A video about a Starbucks employee writing a crude comment on a customer’s coffee drink goes viral. Walmart is accused of bribing officials in Mexico. A trainer is killed by an orca at SeaWorld in Orlando, Florida.
Incidents of organizations getting egg on their face or confronted with serious scandals are commonplace. And especially in an era of 24-hour news, social media and greater transparency into corporations, managing crises today is forcing companies to pay more attention to the way they handle employee communications even as they work to shape external public relations.
Employees upset by their employer’s behavior may take to Twitter or Facebook to sound off. Alternatively, workers can rally in support of embattled bosses. Benefiting from, rather than being buffeted by, the internal workforce’s response requires regular, honest communication to employees during troubled times, said Anne Grinols, an assistant dean at Baylor University’s Hankamer School of Business.
Grinols, who specializes in business communication, also said executives ought not to wait for a crisis to build up trust and goodwill among their workers.
“Credibility fuels communication,” Grinols said. “If you don’t have credibility, you can talk all you want and nobody believes you.”
Bad News Is Nothing New
The challenge of wrestling with bad news is not entirely new for companies. The list of major crises in recent decades includes the Bhopal gas incident that killed thousands in India and the tainted Tylenol deaths in the 1980s, the Pepsi syringe scare of 1993 and the BP gulf oil spill in 2010.
With earlier scandals, companies had to address employee questions and concerns, but their bigger communications worry was how the mainstream media would treat the story. However, things have changed dramatically in the past decade or so.
Employees now have the ability to speak up and out about what their employer does — and they do so regularly.
‘The biggest thing is don’t put your head in the sand.’
—Steve Roop, general manager of talent solutions at Glassdoor
In fact, more and more organizations are encouraging rank-and-file employees to talk for and about them. There have been plenty of gaffes in this new era of “brand ambassadors.” Domino’s Pizza employees posting a gross pizza-making video to YouTube comes to mind. But there’s no going back, said Don Tapscott, co-author of the book “The Naked Corporation: How the Age of Transparency Will Revolutionize Business.” In a recent speech, he called on companies to embrace greater openness and “undress for success.”
A case in point is the role employee social media activity played during a scary situation at Discovery Communications Inc. a few years ago. In September 2010, a gunman took three hostages at the media company’s Silver Spring, Maryland, headquarters. News of the incident was broken by a Discovery Communications employee, who posted a photo of a law enforcement official to Twitpic. During the hourslong standoff, employees used social media channels to tell family members, friends and followers that they were safe.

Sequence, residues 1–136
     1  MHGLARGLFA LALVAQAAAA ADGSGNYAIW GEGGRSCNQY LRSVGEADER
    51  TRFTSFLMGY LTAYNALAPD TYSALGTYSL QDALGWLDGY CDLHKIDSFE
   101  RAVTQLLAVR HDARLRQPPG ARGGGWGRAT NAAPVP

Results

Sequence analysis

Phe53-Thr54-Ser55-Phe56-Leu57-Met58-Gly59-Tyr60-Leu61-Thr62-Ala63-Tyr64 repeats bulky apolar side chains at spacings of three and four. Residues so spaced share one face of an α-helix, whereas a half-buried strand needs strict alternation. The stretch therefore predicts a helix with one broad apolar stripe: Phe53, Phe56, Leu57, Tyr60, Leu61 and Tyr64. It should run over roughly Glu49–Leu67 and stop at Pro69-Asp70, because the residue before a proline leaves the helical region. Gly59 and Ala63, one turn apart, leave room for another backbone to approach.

Afterward, the company appreciated the way social media allowed employees to tell the story. “With a combination of corporate blogging and then using platforms to push the message out, we reached so many more people,” Gayle Weiswasser, then-vice president of social media communications at Discovery, told online magazine Social Media Examiner. “It’s a much more personal way to engage with and communicate directly with our fans. In a crisis situation, the speed and virality of social media just can’t be paralleled.”
From the Water Cooler to Cyberspace
How well a company handles trouble used to be discussed by employees largely at office water coolers. Now workers are quite willing to discuss what goes on at their firms online. One place people often talk publicly about their employers is Glassdoor, the employee feedback website. At Glassdoor, employees post anonymous reviews of their companies as well as the organization’s CEO. To win over workers amid scandal, it is important to admit any problems and then lay out a plan to fix what’s broken, said
Steve Roop, general manager of talent solutions at Glassdoor. “The biggest thing is don’t put your head in the sand,” Roop said.
Another key is to give workers affected by big news — such as a merger or a layoff — advance notice, Roop said. This might mean mere minutes before sharing the news with the broader public. But workers would rather hear about trouble from company leaders than external sources. Heightened transparency means professionals in human resources and public relations must be on their toes, Roop said. “It puts a lot more stress on PR and HR to do this stuff right.”